what they said. The material itself does not seem super stretchy. How is that for definitive?

Also, I have a complete 14 foot tramp that I have no other use for. Doesn't appear to have any tears or excessive wear - it is used though? Don't know what the fabric sells for, but I am not going to need the whole thing unless I go into HD drop bag fabrication. For my use I am actually putting aluminum stays in the bottom to help hold the rectangular shape.

That's all I have.
 

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when in doubt, use the toughest bow string thread you can find. I have a spool of it, that I'll make a bullet resistant vest out of ;).
 

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The aluminum stays are a good idea. On my floor (grommets only, no stays) if stepped hard on the edege of the floor between grommets the hem would flex just enough to let your foot through, then close around your ankle. This made a very effective foot trap and also had the problem of stripping your shoes off when you yanked back.
 

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Ditto on Seattle Fabrics - they have everything and the other place I love for DIY stuff is strapworks. Haven't ever tried to sew a floor yet though.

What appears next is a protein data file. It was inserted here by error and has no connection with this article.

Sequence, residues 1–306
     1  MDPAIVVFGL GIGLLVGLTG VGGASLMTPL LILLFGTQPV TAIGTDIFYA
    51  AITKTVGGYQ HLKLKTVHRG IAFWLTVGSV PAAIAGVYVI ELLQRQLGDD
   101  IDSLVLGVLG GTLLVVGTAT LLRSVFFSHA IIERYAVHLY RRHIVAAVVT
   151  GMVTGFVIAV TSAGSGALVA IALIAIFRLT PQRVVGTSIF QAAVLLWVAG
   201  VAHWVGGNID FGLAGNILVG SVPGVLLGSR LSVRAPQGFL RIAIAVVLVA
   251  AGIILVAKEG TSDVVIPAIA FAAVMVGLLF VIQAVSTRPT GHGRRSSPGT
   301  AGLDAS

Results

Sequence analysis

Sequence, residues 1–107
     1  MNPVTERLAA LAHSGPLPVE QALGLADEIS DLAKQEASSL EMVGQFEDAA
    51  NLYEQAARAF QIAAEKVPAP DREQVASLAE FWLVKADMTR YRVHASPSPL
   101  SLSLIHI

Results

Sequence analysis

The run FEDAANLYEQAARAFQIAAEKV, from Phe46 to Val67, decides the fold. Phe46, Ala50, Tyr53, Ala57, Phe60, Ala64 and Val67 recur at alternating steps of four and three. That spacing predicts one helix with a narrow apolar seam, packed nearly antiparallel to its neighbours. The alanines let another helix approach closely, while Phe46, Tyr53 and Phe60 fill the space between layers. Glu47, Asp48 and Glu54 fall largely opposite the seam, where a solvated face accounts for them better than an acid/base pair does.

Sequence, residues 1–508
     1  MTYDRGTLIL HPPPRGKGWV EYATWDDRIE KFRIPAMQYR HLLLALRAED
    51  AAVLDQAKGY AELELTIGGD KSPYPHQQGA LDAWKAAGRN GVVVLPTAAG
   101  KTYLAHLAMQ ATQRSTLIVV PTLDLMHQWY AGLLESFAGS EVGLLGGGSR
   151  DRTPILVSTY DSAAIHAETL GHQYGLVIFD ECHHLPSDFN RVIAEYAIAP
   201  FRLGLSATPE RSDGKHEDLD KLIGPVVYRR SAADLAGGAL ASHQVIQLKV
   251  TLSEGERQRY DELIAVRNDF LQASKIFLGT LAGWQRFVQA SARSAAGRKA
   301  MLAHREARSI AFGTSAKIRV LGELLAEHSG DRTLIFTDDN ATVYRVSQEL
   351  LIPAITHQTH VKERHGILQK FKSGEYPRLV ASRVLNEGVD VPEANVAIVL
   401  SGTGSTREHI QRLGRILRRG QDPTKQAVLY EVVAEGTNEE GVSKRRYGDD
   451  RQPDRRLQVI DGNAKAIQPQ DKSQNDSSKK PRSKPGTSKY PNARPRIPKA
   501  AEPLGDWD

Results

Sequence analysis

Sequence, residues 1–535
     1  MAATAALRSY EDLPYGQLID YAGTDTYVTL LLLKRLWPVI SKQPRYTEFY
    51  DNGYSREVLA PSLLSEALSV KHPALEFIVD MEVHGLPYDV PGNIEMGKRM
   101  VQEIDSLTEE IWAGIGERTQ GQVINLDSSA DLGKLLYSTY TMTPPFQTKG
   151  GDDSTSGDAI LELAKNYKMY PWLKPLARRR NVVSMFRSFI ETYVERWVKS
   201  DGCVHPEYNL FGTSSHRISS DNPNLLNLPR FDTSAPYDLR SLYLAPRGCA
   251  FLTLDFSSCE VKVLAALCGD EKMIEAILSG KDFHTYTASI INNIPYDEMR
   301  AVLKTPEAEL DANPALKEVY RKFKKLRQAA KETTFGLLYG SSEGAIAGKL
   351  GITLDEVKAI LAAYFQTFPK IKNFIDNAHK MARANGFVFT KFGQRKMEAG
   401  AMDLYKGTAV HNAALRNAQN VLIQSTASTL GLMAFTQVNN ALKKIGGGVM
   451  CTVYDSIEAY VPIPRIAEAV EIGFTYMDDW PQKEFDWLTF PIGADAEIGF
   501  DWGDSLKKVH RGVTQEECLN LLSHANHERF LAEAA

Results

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Discussion Starter #15
They have a lot of great stuff. I have been scoring remnants from ebay at great prices (1/2 or better)
 

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Hey Carvedog- if you want to part with a chunk of that, Id love to have some just to get a feel for what its like to work with. Id be happy to trade some work for it.
 

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Used tramp pad material worked great and sewed easily for several small projects, but no floor info to share.

It had surprisingly little stretch across a 24 inch span on a cover I made last year, but it did stretch. Sewed the tramp mat to cam straps patterned on the way the manufacturer attached the straps that held the rings that attached to the springs.

Sandwiching the tramp material between two straps provides a clean, strong, shape-holding edge and avoids the difficulties of making a clean hem.